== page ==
It’s a difficult thing to practise contentment; not only do you have to keep reminding yourself of it but there’s a tendency for discontent to creep in everywhere; so if you’re not careful you can end up in the somewhat ridiculous situation of being discontented about the practice of contentment. (I’m too discontented.  I don’t have enough contentment.  I must be more contented…)  And then your head explodes.

So the trick is to be contented with the degree to which you are able to practise contentment – and then, with a wave of the wand and a cry of riddikulus! you’ll be doing it anyway.  Discontent really is a Boggart pretending to be a Dementor – we need to laugh at it and it will go away.

Contentment is a necessary antidote to a society where work of all kinds becomes increasingly demanding: a society where you hit one target and are immediately presented with another.  This is sometimes seen as a virtue but according to Yoga philosophy* it’s anything but.  Discontent is the thief of life and the destroyer of satisfaction.  What is the point of achieving your goals if you never enjoy it?  I could go on and on about the need to avoid end-gaining in yoga but that’s enough for today.

*and not only yoga philosophy: Buddhism also emphasises it and it is implicit in the practices of Christianity (here‘s a blog that makes the link and also has a really good quiz to test your own level of contentment).

This is a very short blog post and doesn’t say as much as I’d hoped.  Nevertheless, I am contented with its contents…

Kirk out

 

 

Leavis and Butthead, or The Wrong Sort of Snow (Part 1: Intro)

My F R Leavis response to ‘The Two Cultures’ has come.  I expect this is something I ought to have read years ago but never mind, here it is.  I don’t expect to be edified, I expect to be pontificated at: Leavis seems to speak ex cathedra more often than the Pope (especially this current Pope) but I shall try to approach it with an open mind.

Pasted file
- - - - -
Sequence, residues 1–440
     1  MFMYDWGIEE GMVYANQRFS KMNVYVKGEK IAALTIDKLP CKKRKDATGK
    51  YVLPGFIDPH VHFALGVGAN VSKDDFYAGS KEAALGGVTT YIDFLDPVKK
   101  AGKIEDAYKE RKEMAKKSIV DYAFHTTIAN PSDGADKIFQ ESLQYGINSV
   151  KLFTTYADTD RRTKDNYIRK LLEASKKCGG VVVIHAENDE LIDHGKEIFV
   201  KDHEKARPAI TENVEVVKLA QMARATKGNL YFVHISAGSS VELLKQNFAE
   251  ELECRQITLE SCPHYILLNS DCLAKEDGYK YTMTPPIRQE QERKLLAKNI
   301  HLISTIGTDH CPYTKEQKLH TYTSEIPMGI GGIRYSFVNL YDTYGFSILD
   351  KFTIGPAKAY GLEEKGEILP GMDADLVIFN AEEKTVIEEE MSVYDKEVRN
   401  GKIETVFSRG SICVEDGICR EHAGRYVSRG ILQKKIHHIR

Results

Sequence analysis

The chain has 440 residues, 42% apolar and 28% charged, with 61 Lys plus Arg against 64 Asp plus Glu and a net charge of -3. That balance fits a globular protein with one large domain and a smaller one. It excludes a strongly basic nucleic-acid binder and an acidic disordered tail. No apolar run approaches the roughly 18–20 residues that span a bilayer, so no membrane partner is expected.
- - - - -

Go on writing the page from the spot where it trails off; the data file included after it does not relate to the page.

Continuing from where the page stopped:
Incidentally this reminds me of a ‘joke’ in the Readers’ Digest.  My grandparents used to get this bizarre monthly magazine and you found back issues piled up in doctors’ and dentists’ waiting rooms.  I never bothered with the articles but scrolled through reading the cartoons and so-called jokes: the humour in the RD was of such a subdued and conventional kind that I always imagined a retired colonel somewhere in Sussex chortling mirthlessly over his poached egg.  Where was I?  Oh yes, the joke (this is getting more and more like one of Ronnie Corbett’s rambling monologues) – the joke, or perhaps it was intended as an aphorism, was: ‘Some open minds should be closed for repairs.’  I read that forty years ago and I still have no idea what it means (if anything) but I imagine the Colonel harrumphing in approval as he cuts into his poached egg.

Incidentally, does anyone still have poached eggs?  I’ve not had one for years; the only time you see them is in hotels at the breakfast bar.

I started this post last week, since when I have re-read Snow’s original lecture and Leavis’s response.  I am formulating a number of complicated thoughts on this which may take some time and even when they are formulated I don’t suppose there will be space for them all here.  But it’s jolly stimulating.  Basically what I think we’re looking at is a clash of two other kinds of culture; the elitist and the meritocratic.  Snow, high priest of the meritocracy, represents the future and Leavis, pontiff of elitist tradition, knows it – which explains why he reacts as he does.  Basically Leavis is fighting for his life.